Oil futures ticked slightly lower Tuesday, with traders awaiting a meeting of members of the Organization of the Petroleum Exporting Countries and their allies on Thursday amid rising pressure to boost output more than planned.
West Texas Intermediate crude for December delivery CL00, -0.81% CLZ21, -0.81% fell 20 cents, or 0.2%, to $83.85 a barrel on the New York Mercantile Exchange. The U.S. benchmark traded at a seven-year high last week. January Brent crude BRN00, -0.85% BRNF22, -0.85%, the global benchmark, was down 6 cents, or 0.1%, at $84.63 a barrel on ICE Futures Europe.
“Despite growing pressure from the major oil consuming countries — following the lead of the U.S. and India, Japan is now also calling for oil production to be expanded to a greater extent — OPEC+ has so far shown no signs that it is willing to do so,” said Carsten Fritsch, analyst at Commerzbank, in a note.
OPEC+ is scheduled to meet Thursday. The group had previously agreed to unwind production cuts it put in place as a result of the COVID-19 pandemic, lifting output in monthly increments of 400,000 barrels a day, but OPEC+ members appear to have fallen short of meeting existing production increases.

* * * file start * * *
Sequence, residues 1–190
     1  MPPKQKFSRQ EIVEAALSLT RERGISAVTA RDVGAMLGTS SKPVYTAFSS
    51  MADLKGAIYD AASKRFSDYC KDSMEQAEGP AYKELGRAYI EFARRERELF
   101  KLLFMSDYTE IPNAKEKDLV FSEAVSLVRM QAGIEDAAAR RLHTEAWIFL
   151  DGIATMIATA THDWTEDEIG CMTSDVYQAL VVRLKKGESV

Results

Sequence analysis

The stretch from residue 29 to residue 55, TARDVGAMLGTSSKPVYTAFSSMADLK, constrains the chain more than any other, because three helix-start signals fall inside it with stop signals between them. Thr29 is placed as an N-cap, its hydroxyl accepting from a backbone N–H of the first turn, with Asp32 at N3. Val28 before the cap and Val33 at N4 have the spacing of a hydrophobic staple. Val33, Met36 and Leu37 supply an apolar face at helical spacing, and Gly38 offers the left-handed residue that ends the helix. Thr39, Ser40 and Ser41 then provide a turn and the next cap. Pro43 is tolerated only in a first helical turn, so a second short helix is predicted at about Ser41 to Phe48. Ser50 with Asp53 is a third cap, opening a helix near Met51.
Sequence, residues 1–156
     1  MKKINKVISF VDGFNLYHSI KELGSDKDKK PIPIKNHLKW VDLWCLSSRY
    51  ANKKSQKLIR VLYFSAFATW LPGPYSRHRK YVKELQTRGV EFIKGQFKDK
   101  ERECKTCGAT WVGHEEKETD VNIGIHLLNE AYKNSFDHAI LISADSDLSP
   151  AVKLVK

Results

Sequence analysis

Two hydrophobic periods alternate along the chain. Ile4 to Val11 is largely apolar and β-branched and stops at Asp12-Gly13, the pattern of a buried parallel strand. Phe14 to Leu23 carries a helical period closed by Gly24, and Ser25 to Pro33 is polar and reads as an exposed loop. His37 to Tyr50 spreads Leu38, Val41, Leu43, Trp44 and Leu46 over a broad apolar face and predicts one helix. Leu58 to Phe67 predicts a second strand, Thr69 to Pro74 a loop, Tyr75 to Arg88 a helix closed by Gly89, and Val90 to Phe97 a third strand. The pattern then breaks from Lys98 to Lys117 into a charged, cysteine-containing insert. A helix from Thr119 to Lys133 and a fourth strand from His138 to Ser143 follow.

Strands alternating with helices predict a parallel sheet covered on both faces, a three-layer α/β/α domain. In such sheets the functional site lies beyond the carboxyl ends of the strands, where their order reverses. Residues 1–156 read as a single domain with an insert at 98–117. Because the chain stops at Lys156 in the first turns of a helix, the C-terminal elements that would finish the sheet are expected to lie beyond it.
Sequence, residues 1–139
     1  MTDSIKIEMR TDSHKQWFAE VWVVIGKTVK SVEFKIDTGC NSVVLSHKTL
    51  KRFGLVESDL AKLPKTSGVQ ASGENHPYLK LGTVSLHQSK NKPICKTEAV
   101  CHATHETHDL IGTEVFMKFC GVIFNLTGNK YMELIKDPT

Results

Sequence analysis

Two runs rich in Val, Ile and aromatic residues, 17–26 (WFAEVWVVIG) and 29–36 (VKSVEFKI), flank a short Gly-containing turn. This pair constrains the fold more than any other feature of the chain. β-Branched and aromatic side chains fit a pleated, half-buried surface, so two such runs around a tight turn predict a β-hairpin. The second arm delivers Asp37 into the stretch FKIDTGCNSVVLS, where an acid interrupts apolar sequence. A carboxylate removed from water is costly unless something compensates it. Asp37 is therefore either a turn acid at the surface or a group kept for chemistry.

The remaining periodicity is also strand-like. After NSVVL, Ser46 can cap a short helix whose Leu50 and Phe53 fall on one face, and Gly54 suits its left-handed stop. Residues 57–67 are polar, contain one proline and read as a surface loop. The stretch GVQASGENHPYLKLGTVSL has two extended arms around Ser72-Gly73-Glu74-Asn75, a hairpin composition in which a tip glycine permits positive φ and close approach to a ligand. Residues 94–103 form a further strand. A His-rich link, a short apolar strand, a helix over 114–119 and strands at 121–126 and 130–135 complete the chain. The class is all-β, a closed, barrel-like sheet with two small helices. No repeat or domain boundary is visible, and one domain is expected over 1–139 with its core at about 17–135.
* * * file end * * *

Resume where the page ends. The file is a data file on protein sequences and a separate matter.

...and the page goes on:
A Reuters survey published Monday found that members of OPEC pumped 27.5 million barrels a day in October. That’s up just 190,000 barrels a day from the previous month and short of the 254,000 barrel-a-day rise permitted by OPEC members under the OPEC+ agreement.
Meanwhile, chart watchers said the outlook for crude remains positive.
“Crude oil remains in an uptrend. The next key levels to watch for support [for WTI] are the 50-week moving average ($64.12), followed by the recent low ($62.05) and the 200-week moving average ($56.65),” said Sameer Samana, senior global market strategist at Wells Fargo Investment Institute in a note (see chart below). “Resistance will likely be found at psychologically-important round numbers ($90, $100) until we get to the 2014 high ($107.95).”